• Seeking a natural hair care product during her battle with psoriasis, Nadira Chase developed Adiva Naturals Skin and Hair Care Products.
  • Richmond is also home to Tokie’s, the producers of gluten-free baking mixes which can be found in Whole Foods.

On November 17th, Niagara Bottling Company held a grand opening ceremony for its new facility in Chesterfield County.

The company initially announced a 450,000-square-foot facility in Meadowville Technology Park and 76 new jobs in August 2016. However, the company opted to add additional space during construction, ballooning the square footage to 557,000 and a job total to 104.

The company moved into the state-of-the-art center in March and revved up for spring and summertime production — the company’s busy season. It took the company only 28 weeks from the purchase of the land to the first bottle coming off the production line.

Niagara Bottling Chesterfield VA
Niagara Bottling’s Founder & Chairman Andrew Peykoff Sr. cuts the ribbon at the new Chesterfield facility.

 

Niagara’s products include purified water as well as spring water. In the first time in Niagara’s 54-year history, the company purchased a local spring for production. Niagara water can be found in select local retailers using its brand name but also in single-serve private label bottled water for grocery, club store, convenience and wholesale sale.

Niagara Ribbon Cutting Chesterfield VA
GRP Board Chair Angela Kelly-Wiecek, GRP President & CEO Barry Matherly and Niagara’s Director of Economic Development & Government Relations Derieth Sutton.

 

Richmond, Va., was once well known as a ‘tobacco town’ with major cigarette operations throughout the region. Times have changed and so has the real estate that was once used for manufacturing, operations and warehousing.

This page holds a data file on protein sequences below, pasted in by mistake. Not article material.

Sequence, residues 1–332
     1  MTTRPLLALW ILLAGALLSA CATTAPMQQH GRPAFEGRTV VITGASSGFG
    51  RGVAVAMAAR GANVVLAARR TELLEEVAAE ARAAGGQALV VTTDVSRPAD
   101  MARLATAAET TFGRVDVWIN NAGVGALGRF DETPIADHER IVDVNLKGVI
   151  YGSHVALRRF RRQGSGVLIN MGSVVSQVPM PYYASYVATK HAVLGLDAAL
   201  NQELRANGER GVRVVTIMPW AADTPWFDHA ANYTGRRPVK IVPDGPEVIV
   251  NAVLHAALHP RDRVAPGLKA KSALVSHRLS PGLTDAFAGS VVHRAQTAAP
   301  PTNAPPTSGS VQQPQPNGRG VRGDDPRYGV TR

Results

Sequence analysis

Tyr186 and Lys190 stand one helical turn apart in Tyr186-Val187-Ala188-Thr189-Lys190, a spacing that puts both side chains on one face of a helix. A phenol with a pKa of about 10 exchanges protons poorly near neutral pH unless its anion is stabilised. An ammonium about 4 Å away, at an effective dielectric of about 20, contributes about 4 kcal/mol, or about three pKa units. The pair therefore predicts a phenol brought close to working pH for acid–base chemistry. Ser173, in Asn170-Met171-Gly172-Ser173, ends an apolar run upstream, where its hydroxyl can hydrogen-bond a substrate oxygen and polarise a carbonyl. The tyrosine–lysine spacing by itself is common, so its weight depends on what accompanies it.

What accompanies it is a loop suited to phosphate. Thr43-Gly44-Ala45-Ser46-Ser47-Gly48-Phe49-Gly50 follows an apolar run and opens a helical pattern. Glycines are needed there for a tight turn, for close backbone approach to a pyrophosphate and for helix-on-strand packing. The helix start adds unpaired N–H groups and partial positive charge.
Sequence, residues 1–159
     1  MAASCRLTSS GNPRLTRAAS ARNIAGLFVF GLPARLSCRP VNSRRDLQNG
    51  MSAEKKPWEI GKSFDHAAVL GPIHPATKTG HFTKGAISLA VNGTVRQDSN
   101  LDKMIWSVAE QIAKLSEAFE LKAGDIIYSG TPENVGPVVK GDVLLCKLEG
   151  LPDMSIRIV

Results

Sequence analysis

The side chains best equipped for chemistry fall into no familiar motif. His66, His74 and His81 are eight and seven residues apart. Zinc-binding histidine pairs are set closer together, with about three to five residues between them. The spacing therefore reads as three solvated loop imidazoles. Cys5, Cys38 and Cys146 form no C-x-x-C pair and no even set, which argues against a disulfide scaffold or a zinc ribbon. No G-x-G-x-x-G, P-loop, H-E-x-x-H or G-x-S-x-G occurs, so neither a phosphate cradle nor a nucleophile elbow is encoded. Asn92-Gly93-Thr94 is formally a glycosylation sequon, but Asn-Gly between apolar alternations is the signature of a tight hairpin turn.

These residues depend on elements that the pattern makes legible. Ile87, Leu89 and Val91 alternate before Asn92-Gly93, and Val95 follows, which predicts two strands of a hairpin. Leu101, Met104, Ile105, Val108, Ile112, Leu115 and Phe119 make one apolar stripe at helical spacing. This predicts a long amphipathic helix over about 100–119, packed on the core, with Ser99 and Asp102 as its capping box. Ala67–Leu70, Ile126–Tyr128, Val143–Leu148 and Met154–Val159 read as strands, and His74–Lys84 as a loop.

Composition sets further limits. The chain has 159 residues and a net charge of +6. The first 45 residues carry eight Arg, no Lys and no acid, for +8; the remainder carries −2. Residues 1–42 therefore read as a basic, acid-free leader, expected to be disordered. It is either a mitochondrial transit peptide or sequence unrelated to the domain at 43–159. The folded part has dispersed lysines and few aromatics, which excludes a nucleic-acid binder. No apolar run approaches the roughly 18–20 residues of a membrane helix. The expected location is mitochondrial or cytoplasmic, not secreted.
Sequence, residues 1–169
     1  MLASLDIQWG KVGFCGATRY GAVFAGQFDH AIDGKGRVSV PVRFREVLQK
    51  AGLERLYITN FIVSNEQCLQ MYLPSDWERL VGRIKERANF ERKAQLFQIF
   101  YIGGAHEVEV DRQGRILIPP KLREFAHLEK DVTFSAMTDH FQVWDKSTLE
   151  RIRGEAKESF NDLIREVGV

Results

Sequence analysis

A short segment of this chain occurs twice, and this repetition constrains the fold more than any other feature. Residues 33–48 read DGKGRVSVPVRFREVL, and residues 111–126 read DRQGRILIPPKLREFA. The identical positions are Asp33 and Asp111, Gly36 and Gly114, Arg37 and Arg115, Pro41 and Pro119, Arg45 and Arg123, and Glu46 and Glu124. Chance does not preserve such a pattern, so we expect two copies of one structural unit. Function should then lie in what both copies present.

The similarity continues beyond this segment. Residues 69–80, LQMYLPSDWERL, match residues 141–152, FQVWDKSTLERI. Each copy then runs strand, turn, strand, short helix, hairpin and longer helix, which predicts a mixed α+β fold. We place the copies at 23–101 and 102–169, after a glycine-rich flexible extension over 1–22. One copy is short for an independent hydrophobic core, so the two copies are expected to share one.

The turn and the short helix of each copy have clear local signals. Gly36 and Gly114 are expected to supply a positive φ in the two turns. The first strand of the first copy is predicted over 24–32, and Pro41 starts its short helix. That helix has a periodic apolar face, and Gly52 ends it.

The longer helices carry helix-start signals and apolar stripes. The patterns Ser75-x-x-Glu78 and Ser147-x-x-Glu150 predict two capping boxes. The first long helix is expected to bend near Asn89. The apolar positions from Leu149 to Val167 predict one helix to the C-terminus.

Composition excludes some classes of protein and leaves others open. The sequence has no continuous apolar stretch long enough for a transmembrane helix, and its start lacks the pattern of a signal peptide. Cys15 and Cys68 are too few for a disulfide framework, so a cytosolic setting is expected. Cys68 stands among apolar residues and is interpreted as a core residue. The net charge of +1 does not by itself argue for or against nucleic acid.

With Philip Morris USA going through a reorganization a few new buildings and sites have come onto the market. The Philip Morris Operations Center opened in 1982 but has been empty since the firm moved employees to parent company Altria Group Inc.’s corporate headquarters in Henrico County.

The 463,786-square foot facility is less than a mile from Interstate 95, 15 miles from the Richmond International Airport, five miles from downtown Richmond, and located in an enterprise zone.

This building is a good location for businesses looking for turnkey entry and perimeter fencing for controlled access with space for administrative, lab, and manufacturing areas to work as one.

See the Operations Center listing

Philip Morris has also recently sold 62 acres on Commerce Road on the Richmond/Chesterfield line to international real estate developer Panattoni Development Company. Panattoni Development specializes in industrial and warehouse real estate.

The company plans to build two warehouses on the land in phases. Phase I has begun on a 462,000-square foot warehouse that will feature 36-foot ceilings and multiple trailer drops.

This is the first spec building Panattoni has built in the Richmond area and will be sought-after in this market. The building will be less than a mile from the Richmond Marine Terminal, which has experienced a 7.5 percent spike in cargo volume. The Terminal, operated by the Port of Virginia, recently purchased a new $2 million barge to allow more shipping in and out of different sized cargo.

The phase II building will be built with similar height and size, however, the twin buildings may be combined to make a 1 million-square-foot structure. The company hopes to have occupancy of the first warehouse building by summer of next year.

Learn more about the spec building

Developers have taken note of the real estate opportunities, too.

Fountainhead Properties, which focuses on urban revitalization projects, purchased 26 former Philip Morris tobacco storage warehouses in South Richmond in 2014 and are in the midst of renovating them into light manufacturing and creative spaces.

The 25-acre property — named Clopton Siteworks — contains more than 500,000 square feet of warehouse space in the Jefferson Davis neighborhood.

Eight of the 20,000-square-foot warehouses have been renovated so far for creative flex space.

Learn more about the spec building